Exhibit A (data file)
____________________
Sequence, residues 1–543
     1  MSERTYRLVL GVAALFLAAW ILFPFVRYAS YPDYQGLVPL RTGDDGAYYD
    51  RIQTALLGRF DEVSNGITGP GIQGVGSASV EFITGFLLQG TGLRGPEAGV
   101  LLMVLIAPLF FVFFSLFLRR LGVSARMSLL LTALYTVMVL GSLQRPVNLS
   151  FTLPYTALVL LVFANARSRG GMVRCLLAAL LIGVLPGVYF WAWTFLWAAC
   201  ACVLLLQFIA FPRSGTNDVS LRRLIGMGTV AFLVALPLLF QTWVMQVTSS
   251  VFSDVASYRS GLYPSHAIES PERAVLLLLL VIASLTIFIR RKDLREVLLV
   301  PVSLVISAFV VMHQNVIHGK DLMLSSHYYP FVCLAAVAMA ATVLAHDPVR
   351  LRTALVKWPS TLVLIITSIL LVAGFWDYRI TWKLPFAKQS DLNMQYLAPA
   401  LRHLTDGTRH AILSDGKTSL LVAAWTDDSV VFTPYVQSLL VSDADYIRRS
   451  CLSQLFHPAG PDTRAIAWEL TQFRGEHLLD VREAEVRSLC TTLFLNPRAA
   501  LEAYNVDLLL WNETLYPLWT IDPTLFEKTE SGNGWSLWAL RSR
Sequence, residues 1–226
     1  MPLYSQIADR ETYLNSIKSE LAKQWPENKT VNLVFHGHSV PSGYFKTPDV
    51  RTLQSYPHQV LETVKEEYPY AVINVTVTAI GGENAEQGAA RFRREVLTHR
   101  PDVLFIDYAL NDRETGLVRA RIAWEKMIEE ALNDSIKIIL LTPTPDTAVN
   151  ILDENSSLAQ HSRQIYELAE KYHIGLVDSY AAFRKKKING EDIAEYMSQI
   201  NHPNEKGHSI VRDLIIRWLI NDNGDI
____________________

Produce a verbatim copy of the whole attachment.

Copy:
Sequence, residues 1–543
     1  MSERTYRLVL GVAALFLAAW ILFPFVRYAS YPDYQGLVPL RTGDDGAYYD
    51  RIQTALLGRF DEVSNGITGP GIQGVGSASV EFITGFLLQG TGLRGPEAGV
   101  LLMVLIAPLF FVFFSLFLRR LGVSARMSLL LTALYTVMVL GSLQRPVNLS
   151  FTLPYTALVL LVFANARSRG GMVRCLLAAL LIGVLPGVYF WAWTFLWAAC
   201  ACVLLLQFIA FPRSGTNDVS LRRLIGMGTV AFLVALPLLF QTWVMQVTSS
   251  VFSDVASYRS GLYPSHAIES PERAVLLLLL VIASLTIFIR RKDLREVLLV
   301  PVSLVISAFV VMHQNVIHGK DLMLSSHYYP FVCLAAVAMA ATVLAHDPVR
   351  LRTALVKWPS TLVLIITSIL LVAGFWDYRI TWKLPFAKQS DLNMQYLAPA
   401  LRHLTDGTRH AILSDGKTSL LVAAWTDDSV VFTPYVQSLL VSDADYIRRS
   451  CLSQLFHPAG PDTRAIAWEL TQFRGEHLLD VREAEVRSLC TTLFLNPRAA
   501  LEAYNVDLLL WNETLYPLWT IDPTLFEKTE SGNGWSLWAL RSR
Sequence, residues 1–226
     1  MPLYSQIADR ETYLNSIKSE LAKQWPENKT VNLVFHGHSV PSGYFKTPDV
    51  RTLQSYPHQV LETVKEEYPY AVINVTVTAI GGENAEQGAA RFRREVLTHR
   101  PDVLFIDYAL NDRETGLVRA RIAWEKMIEE ALNDSIKIIL LTPTPDTAVN
   151  ILDENSSLAQ HSRQIYELAE KYHIGLVDSY AAFRKKKING EDIAEYMSQI
   201  NHPNEKGHSI VRDLIIRWLI NDNGDI